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Prepper's Survival Hacks: 50 DIY Projects for Lifesaving Gear, Gadgets and Kits

Prepper's Survival Hacks: 50 DIY Projects for Lifesaving Gear, Gadgets and Kits

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Prepper's Survival Hacks: 50 DIY Projects for Lifesaving Gear, Gadgets and Kits

208 pagine
1 ora
Sep 22, 2015



When a catastrophic event strikes, you’ll need to rely on your skills and supplies to keep you alive. This book teaches you how to improvise solutions for the scarcities, deficiencies, and dangers that will arise in a worst-case scenario.

Prepper’s Survival Hacks offers a wide range of creative ideas for transforming cheap and widely available items into life-saving gear:

• Harvest water in a transpiration bag
• Catch food with a pocket fishing kit
• Cook using a handy hobo stove
• Craft quick fire starters in an egg carton
• Make a mini oil lamp using a mint tin
• Assemble a survival kit in a belt pouch
Sep 22, 2015

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Prepper's Survival Hacks - Jim Cobb



Common wisdom dictates that the human body can survive about three days without hydration. While that may be true in a technical sense, in the real world, the last day or two of that time period would be spent in agony and delirium. Don’t ever try to ration water. If you have potable water available, drink it. The problem with rationing is that doing so may hinder your ability to search for more water sources. A far better plan is to keep your body running as efficiently as possible as you attempt to locate additional supplies.

It is almost as important to understand that water from natural sources, such as rivers, lakes, and ponds, absolutely must be treated before consumption. Failure to do so puts you at risk for some pretty serious health issues, such as giardia and cryptosporidium. The best way to treat water prior to drinking is to boil it. This will kill anything that might be in the water that could harm you. There is no need to let it boil for several minutes, either. Just bringing it to a rolling boil is sufficient.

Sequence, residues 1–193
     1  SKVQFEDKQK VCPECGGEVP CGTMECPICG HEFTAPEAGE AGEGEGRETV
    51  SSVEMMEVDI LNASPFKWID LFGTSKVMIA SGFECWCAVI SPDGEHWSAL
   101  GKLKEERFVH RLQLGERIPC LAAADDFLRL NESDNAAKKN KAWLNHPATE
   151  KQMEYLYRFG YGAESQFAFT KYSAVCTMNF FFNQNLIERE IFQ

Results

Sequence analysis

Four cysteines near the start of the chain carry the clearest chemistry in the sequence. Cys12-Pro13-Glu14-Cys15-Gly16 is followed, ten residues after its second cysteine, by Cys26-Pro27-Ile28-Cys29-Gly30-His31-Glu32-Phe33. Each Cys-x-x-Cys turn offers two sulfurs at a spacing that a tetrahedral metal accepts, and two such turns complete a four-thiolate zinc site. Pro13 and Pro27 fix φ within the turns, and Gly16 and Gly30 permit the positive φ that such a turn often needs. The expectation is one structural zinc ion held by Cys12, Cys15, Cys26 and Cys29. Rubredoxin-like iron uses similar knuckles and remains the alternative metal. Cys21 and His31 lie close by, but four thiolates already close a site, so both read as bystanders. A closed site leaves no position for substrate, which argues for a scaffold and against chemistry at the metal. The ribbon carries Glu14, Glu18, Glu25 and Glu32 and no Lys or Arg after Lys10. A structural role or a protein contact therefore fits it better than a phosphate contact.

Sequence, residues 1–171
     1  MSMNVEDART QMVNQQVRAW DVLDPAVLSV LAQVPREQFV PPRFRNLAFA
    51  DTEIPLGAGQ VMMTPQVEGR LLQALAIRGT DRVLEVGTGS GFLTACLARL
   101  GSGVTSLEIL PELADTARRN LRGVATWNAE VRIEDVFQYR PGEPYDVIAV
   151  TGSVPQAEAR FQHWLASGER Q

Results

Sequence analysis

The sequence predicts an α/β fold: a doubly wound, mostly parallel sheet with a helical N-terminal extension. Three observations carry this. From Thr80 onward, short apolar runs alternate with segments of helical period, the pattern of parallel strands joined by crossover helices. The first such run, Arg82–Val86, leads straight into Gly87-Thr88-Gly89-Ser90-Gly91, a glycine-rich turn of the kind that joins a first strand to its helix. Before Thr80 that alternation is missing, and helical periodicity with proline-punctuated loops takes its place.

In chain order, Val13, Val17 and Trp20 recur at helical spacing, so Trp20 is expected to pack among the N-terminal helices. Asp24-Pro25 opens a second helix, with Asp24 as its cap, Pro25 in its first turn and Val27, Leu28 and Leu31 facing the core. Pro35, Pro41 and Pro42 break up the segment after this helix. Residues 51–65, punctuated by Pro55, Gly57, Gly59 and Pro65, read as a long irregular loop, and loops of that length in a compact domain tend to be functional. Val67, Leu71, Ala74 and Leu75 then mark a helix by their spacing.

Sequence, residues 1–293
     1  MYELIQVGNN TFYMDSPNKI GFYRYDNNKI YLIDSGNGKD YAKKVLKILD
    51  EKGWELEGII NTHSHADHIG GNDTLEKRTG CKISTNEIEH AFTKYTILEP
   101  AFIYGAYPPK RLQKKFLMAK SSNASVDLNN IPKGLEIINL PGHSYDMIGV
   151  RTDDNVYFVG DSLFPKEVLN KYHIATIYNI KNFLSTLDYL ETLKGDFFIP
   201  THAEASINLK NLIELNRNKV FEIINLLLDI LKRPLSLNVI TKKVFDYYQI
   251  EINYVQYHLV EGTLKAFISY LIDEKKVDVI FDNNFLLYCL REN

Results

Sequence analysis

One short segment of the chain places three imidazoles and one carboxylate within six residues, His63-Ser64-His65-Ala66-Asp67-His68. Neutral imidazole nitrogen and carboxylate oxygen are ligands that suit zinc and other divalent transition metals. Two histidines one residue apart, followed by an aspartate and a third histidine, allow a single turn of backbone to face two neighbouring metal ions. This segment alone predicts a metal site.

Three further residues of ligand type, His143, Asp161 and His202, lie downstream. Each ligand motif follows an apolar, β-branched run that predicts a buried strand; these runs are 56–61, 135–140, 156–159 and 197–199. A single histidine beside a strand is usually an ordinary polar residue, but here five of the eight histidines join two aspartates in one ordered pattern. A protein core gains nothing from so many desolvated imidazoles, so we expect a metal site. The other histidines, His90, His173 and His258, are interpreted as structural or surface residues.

Of course, there are several commercial products you could purchase that will filter and disinfect your water. These include various products sold by LifeStraw, Berkey, and Sawyer. All work very well and are worthy of purchase. The trick is to make sure you have the filter device with you any time you venture into the field, just in case. That snazzy new water filtration straw does utterly no good sitting on a shelf at home while you’re dying of thirst sitting next to a pond.

Another important consideration is to carry some sort of container you can use to transport water. Many of us routinely carry some sort of water bottle with us when hiking, so that poses little issue. However, I strongly advise you to consider investing in a stainless steel water bottle rather than relying on something made from plastic. While it is possible to boil water in a plastic container if you know what you’re doing and you’re careful, it is far easier and safer to do so using a steel bottle.

A product I wholeheartedly endorse is the Aqua-Pouch, designed, produced, and sold by Survival Resources. It is basically a heavy-duty plastic bag that folds up small and flat. Keep it in your kit and you’ll always have a container you can use to transport water. It holds up to 1 liter, which coincidentally is the same measurement many water treatment products utilize.

Water is a necessity for life. It is important to plan ahead so you have the means to collect and disinfect it. The first two projects in this section will focus on water collection, followed by two projects on DIY filtration devices.


While you’re not going to get a ton of water with a single transpiration bag, you can get a fair amount of bang for your buck by putting out several of them. Transpiration bags use the sun’s heat and energy to condense moisture from the plant and collect in the bag. They work all by themselves once they’re set up. What seems to work well is to set them up in the morning and collect the water in the evening.